Winner: James J. Dillon (Interference)
- EA’s Take: It’s kind of crazy to think about because he looks much older, but JJ was only 43 years old at this time, so stepping in the ring wasn’t really too uncommon for him yet. The NWA’s version of Bobby Heenan, Dillon is still backing a stable of performers, like most managers of the time. He’ll quickly ascend up the managerial ladder and overshadow Paul Jones, much like this match did the one previous.
Match #5 Arm Wrestling Challenge: ‘Superstar’ Billy Graham vs. The Barbarian w/Paul Jones
This contest is for a $10,000 prize. Barbarian seems unfamiliar with the rules. Long bout. Both men drop to their knees and struggle. As Graham is about to win, Paul Jones hits him with his cane leading to a bloody Superstar and a DQ.
Winner: ‘Superstar’ Billy Graham (Disqualification)
Match #6: ‘Superstar’ Billy Graham vs. The Barbarian w/Paul Jones
Match begins with Barbarian taking advantage of the cane shot using vicious headbutts and kicks. Whips Graham into the ropes for a big boot that connents, tries to follow with a leg drop that’s off the mark and Graham comes back with some punches. He shoots Barbarian into the corner, but Barbarian rebounds right out and shoves Superstar to the canvas. Barbarian to the top rope for the flying headbutt, Superstar avoid it, quickly back to his feet with some kicks, whips Barbarian into the ropes and applies his trademark Bearhug. The Barbarian tries going for punches to break free, but Graham wrenches it in tighter until he starts to fade. Ref goes to check the arm, Paul Jones again gets involved, cracks Superstar with the cane and we get a second disqualification.
Winner: ‘Superstar’ Billy Graham (Disqualification)
- After The Bell: When Jones attempts another cane shot, Graham intercepts it, hits him once in the corner before Barbarian comes in from behind. Superstar falls to the floor and Barbarian follows, only to slam Graham into the post. The two stumble outside the barricade and Barbarian scores with a chair shot now, the ref is able to finally separate the two and declares raises Superstar’s hand.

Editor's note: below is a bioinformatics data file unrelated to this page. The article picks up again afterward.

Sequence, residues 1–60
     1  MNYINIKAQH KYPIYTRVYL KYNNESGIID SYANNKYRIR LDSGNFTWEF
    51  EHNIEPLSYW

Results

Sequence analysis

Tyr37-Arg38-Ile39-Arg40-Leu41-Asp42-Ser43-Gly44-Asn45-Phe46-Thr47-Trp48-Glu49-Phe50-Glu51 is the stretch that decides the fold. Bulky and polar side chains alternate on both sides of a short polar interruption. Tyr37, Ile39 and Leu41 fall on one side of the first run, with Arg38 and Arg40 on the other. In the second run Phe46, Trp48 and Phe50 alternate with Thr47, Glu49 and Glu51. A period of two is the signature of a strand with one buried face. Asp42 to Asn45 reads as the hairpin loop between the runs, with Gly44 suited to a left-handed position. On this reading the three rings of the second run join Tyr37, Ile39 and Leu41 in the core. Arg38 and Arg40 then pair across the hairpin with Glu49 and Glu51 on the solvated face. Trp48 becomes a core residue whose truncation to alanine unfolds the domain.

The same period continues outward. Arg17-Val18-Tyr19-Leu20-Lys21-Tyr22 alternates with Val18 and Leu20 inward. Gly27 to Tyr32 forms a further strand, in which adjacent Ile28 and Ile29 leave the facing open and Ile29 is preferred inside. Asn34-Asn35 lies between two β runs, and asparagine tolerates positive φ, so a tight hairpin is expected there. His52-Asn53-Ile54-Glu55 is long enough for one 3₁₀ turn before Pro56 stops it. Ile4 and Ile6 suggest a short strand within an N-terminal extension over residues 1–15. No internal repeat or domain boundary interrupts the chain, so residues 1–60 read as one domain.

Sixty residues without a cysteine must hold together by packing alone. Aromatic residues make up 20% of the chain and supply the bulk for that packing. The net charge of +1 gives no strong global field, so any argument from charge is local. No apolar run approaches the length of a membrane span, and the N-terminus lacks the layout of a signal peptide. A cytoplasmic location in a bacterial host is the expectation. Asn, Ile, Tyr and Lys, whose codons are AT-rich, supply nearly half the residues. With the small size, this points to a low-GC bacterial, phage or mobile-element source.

- EA’s Take: The Karate Kid version of Billy Graham is no more and he’s back to being his old ‘Superstar’ self, at least gimmick-wise. Barbarian is another bruiser of course, so while it’s nice to have two names that most would be familiar with, the sledding is not so smooth. If you’ve seen one arm wrestling match, you’ve seen them all in terms of pro wrestling standards. Also, they just went to the second location for this match without saying anything. Very unusual.
Match #7 for the NWA National Heavyweight Championship: ‘The Nature Boy’ Buddy Landel w/James J. Dillion vs. NWA National Heavyweight Champion Terry Taylor
Landel teases a lockup and instead fluffs his hair and taunts the crowd with a…moonwalk?!. Lockup, Landel powers Taylor into the corner, but Taylor jumps up and they go nose-to-nose. Lockup again and we go to the ropes. Ref breaks it up. Landel slaps Taylor on the chest and Taylor slaps him across the face in return, Landel cowering around the ring on his backside. Ref backs Terry off. Lockup, arm bar by Landel this time around and he taunts the crowd some more. Taylor finally breaks free with an arm drag. Lockup and they go to the ropes once again, the ref breaks them apart, Landel attempts two cheap shots which are blocked by Taylor, who in turn lands a right. Regroup. Lockup, Landel with a snapmare takedown.
Headlock on the mat. Taylor muscles Landel over for a quick near fall, but The Nature Boy gets his positioning back. Both men to their feet with the headlock still applied, Taylor is able to reverse the maneuver into an armbar. Landel to the mat, armbar still applied. Taylor gets the shoulders down for several near falls, knees the affected arm and both men to their feet. Lockup to the corner. Knees to the stomach from Landel followed by chops, whips Taylor to the opposite corner, but Terry reverses and scores with a big boot. He shoots Landel to the ropes and hits a back body drop, goes to the ropes himself for a knee to the head and a finds a 1 count.
Armbar by Taylor, Landel reverses it and lands a stiff punch. Landel laying on a series of punches in the corner followed by a snapmare takedown. Landel applying a front headlock on the mat. Once to their feet, Taylor reverses with a side suplex, followed by a backbreaker. Taylor with a standing leg drop and attempts a pin but Landel has his leg on the rope. Landel whips Taylor into the corner and delivers a running lariat. 2 count. Landel in position for a snap suplex but Taylor reverses into a small package. 2 count. Landel gets up hot and stomps Taylor. Landel applies a chinlock. Taylor up to his knees, walks a few steps and throws Landel into the bottom turnbuckle. Taylor with some chops in the corner followed by a snapmare. Taylor stands on Landel’s face and then pulls him up for a suplex. 2 count.